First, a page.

While Taiwan, like many other developed nations, is facing the problem of an aging population, the crisis in the agricultural sector is particularly acute. The average age of farmers in Taiwan is 62, and 31% are over 65.
Four years ago, Zhongshan University Department of Information Management Professor Huang Qingxiang retired to his hometown, Erlin, in Changhua County, where he has been promoting organic agricultural production, and helping local farmers to utilize new technology.
At this time of year, when the rice and millet is almost ready to harvest, the “Great War” between farmers and birds ensues. This year, farmers in Erlin are employing a new high-tech weapon to chase sparrows out of rice and millet fields – the Unmanned Aerial Vehicle (UAV).
The aging of the agricultural workforce in Taiwan is considered to be an impediment to innovation and modernization of agricultural production on an island that is only around 32% self-sufficient on a calorie basis. The average farm is only 1 hectare in size and doesn’t produce enough income to sustain a family. Young people have chosen to reject the life of a farmer to pursue more lucrative jobs in the city.
Before 1953, big landowners leased small plots of land to tenant farmers who struggled to make a living. It was the era of big landowner, small tenants. In 1953, the government instituted land reform that allowed tenant farmers to buy their own plots, leading to an era of small landowner farmers. In 2009, the government began a new reform movement – small landowners, big tenants. Under this system, modern agricultural enterprises are encouraged to lease small plots of land owned by older farmers, and to combine them into larger farms that can mechanize and achieve economies of scale. It is hoped this system can provide an income for the elderly farmers and a profitable model for agricultural development.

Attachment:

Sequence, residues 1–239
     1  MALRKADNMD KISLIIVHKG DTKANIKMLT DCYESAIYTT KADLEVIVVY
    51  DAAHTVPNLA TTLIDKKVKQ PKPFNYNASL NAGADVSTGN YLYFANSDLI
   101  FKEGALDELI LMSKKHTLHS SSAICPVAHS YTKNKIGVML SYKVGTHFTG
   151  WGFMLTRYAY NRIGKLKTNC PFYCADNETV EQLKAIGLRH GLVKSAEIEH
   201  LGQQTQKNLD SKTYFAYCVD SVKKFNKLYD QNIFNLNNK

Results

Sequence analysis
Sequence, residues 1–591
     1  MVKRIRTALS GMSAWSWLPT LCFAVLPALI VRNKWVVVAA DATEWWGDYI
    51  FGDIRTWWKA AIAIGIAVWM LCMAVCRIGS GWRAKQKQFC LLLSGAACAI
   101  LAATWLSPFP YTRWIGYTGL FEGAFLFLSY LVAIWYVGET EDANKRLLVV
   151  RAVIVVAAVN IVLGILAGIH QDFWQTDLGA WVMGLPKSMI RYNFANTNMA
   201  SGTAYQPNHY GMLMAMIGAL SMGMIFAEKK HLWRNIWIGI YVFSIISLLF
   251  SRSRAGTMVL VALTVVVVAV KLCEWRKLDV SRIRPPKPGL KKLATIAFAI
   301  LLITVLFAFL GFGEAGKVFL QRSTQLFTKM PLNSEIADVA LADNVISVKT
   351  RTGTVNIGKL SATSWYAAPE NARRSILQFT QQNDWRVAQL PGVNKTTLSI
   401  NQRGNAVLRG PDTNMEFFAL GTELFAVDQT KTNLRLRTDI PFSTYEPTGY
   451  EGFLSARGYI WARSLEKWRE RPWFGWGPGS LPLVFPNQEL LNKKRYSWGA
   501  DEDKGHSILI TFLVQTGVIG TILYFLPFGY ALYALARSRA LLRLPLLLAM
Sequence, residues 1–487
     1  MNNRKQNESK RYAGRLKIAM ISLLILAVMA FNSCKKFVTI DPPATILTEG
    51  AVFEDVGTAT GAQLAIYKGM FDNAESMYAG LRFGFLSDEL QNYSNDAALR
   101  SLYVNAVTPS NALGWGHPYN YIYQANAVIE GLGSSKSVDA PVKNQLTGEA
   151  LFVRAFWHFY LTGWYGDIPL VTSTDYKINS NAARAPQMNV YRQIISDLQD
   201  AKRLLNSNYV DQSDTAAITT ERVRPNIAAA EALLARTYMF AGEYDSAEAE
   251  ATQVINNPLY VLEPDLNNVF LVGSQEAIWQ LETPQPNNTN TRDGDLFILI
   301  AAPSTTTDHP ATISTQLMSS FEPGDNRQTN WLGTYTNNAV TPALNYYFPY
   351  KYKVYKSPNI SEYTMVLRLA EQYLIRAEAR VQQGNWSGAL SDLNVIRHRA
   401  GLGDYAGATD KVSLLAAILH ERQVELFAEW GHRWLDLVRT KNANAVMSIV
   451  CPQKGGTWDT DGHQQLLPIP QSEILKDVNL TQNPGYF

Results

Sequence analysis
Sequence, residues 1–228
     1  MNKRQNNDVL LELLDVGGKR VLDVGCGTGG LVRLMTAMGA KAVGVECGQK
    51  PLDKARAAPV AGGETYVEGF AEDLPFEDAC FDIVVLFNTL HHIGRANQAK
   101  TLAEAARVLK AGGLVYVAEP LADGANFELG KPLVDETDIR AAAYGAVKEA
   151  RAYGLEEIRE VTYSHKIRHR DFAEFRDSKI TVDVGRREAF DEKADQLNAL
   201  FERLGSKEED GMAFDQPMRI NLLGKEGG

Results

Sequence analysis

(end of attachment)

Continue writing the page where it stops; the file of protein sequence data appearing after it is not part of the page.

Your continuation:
Enterprises leasing the land are also encouraged to employ the landowner-farmers on a full, or part-time basis. Ideally, this would lead to three income streams for the farmer – rent for the land, paid employment, and the welfare benefits the government has established for older farmers.
There’s a particular beauty in Taiwan’s small farm agriculture, that includes the sight of independent farmers, wearing their traditional hats woven from straw and bamboo leaves, working in muddy fields, while scarecrows made of rice-stalks from the previous harvest, clothed in garments worn threadbare by the labor of their masters stand guard, and political banners from the last election find a new purpose as flappers-in-the-wind to scare the birds.
It’s a sight to be treasured evermore, if the policy of small-landowner, big tenant, has its way.